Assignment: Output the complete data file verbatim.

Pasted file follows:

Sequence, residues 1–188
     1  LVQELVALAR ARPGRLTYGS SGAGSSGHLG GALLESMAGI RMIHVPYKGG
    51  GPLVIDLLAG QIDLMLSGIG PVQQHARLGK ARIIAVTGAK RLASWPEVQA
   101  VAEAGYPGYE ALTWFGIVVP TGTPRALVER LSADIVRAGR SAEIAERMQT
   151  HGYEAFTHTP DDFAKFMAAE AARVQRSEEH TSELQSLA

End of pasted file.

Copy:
Sequence, residues 1–188
     1  LVQELVALAR ARPGRLTYGS SGAGSSGHLG GALLESMAGI RMIHVPYKGG
    51  GPLVIDLLAG QIDLMLSGIG PVQQHARLGK ARIIAVTGAK RLASWPEVQA
   101  VAEAGYPGYE ALTWFGIVVP TGTPRALVER LSADIVRAGR SAEIAERMQT
   151  HGYEAFTHTP DDFAKFMAAE AARVQRSEEH TSELQSLA